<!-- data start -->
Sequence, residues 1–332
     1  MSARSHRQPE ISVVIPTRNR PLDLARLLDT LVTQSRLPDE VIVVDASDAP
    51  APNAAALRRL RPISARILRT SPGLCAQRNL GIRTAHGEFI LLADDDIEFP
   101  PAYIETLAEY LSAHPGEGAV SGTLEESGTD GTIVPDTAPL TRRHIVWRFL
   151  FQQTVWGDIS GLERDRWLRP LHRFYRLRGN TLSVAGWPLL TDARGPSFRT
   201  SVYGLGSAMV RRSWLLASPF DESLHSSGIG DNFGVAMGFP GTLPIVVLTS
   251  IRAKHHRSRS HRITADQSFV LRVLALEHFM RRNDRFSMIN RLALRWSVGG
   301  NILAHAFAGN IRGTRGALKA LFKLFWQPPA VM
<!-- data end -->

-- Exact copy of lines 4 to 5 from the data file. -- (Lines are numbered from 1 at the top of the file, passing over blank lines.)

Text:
   101  PAYIETLAEY LSAHPGEGAV SGTLEESGTD GTIVPDTAPL TRRHIVWRFL
   151  FQQTVWGDIS GLERDRWLRP LHRFYRLRGN TLSVAGWPLL TDARGPSFRT